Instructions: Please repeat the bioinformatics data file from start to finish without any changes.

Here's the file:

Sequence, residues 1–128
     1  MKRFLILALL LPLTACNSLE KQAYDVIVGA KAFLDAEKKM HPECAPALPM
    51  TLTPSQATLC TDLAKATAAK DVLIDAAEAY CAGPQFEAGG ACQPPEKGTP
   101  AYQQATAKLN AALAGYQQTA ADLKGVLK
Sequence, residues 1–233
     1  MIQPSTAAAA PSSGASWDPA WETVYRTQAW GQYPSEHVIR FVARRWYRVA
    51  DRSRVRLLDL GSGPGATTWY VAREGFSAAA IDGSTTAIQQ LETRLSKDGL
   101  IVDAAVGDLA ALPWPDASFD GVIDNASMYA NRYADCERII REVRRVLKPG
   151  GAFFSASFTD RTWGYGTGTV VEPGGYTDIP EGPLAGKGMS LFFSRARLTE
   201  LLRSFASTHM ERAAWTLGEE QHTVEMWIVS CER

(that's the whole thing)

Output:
Sequence, residues 1–128
     1  MKRFLILALL LPLTACNSLE KQAYDVIVGA KAFLDAEKKM HPECAPALPM
    51  TLTPSQATLC TDLAKATAAK DVLIDAAEAY CAGPQFEAGG ACQPPEKGTP
   101  AYQQATAKLN AALAGYQQTA ADLKGVLK
Sequence, residues 1–233
     1  MIQPSTAAAA PSSGASWDPA WETVYRTQAW GQYPSEHVIR FVARRWYRVA
    51  DRSRVRLLDL GSGPGATTWY VAREGFSAAA IDGSTTAIQQ LETRLSKDGL
   101  IVDAAVGDLA ALPWPDASFD GVIDNASMYA NRYADCERII REVRRVLKPG
   151  GAFFSASFTD RTWGYGTGTV VEPGGYTDIP EGPLAGKGMS LFFSRARLTE
   201  LLRSFASTHM ERAAWTLGEE QHTVEMWIVS CER